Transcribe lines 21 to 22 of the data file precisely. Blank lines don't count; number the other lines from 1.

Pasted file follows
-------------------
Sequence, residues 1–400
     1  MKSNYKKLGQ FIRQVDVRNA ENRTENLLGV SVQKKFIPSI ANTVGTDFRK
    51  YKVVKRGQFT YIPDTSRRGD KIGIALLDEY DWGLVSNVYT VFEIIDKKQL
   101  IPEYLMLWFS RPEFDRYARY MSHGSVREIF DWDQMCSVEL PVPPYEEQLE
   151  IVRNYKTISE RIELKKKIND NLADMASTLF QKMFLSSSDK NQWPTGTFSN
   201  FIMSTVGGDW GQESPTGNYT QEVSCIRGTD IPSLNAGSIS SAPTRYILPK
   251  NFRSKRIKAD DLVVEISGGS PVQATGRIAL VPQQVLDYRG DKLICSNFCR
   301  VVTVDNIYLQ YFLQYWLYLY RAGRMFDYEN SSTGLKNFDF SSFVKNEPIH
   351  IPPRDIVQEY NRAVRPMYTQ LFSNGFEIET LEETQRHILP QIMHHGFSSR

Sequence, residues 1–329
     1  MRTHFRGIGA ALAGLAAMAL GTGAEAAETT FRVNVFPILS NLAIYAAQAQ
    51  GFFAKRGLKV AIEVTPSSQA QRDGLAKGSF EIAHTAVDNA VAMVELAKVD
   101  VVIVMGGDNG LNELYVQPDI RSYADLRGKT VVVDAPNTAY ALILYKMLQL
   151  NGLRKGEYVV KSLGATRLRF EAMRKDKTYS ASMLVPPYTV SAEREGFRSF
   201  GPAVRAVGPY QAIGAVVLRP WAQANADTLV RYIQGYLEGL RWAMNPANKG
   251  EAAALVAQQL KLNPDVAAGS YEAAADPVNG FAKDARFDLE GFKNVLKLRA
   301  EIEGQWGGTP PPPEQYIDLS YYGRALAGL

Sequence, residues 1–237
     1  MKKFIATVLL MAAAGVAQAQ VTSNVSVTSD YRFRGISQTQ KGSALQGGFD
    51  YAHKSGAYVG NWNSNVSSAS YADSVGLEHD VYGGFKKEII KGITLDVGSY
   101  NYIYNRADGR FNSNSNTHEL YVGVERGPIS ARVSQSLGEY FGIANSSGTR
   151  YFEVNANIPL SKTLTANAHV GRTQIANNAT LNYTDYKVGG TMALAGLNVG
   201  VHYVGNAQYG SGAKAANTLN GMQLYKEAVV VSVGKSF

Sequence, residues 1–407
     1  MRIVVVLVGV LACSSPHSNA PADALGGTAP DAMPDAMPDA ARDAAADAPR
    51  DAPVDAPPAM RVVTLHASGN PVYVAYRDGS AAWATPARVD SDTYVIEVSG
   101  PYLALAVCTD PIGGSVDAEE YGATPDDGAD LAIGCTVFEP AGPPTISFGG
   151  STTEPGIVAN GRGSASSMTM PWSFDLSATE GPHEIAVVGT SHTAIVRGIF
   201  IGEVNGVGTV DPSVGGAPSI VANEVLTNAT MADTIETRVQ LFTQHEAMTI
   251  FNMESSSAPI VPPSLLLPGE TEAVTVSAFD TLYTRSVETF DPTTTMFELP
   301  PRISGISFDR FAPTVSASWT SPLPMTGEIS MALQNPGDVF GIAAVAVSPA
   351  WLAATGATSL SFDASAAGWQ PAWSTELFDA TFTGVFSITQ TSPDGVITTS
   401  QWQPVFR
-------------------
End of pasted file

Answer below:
   101  NYIYNRADGR FNSNSNTHEL YVGVERGPIS ARVSQSLGEY FGIANSSGTR
   151  YFEVNANIPL SKTLTANAHV GRTQIANNAT LNYTDYKVGG TMALAGLNVG